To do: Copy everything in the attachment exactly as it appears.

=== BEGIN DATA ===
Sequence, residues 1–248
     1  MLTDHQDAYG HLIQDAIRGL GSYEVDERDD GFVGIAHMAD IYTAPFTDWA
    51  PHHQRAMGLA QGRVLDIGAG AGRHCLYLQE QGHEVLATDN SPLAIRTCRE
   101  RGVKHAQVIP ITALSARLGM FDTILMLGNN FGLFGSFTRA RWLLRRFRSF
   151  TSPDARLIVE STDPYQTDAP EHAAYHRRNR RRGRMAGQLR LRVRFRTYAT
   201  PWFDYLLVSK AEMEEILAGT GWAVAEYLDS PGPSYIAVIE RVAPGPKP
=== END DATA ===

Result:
Sequence, residues 1–248
     1  MLTDHQDAYG HLIQDAIRGL GSYEVDERDD GFVGIAHMAD IYTAPFTDWA
    51  PHHQRAMGLA QGRVLDIGAG AGRHCLYLQE QGHEVLATDN SPLAIRTCRE
   101  RGVKHAQVIP ITALSARLGM FDTILMLGNN FGLFGSFTRA RWLLRRFRSF
   151  TSPDARLIVE STDPYQTDAP EHAAYHRRNR RRGRMAGQLR LRVRFRTYAT
   201  PWFDYLLVSK AEMEEILAGT GWAVAEYLDS PGPSYIAVIE RVAPGPKP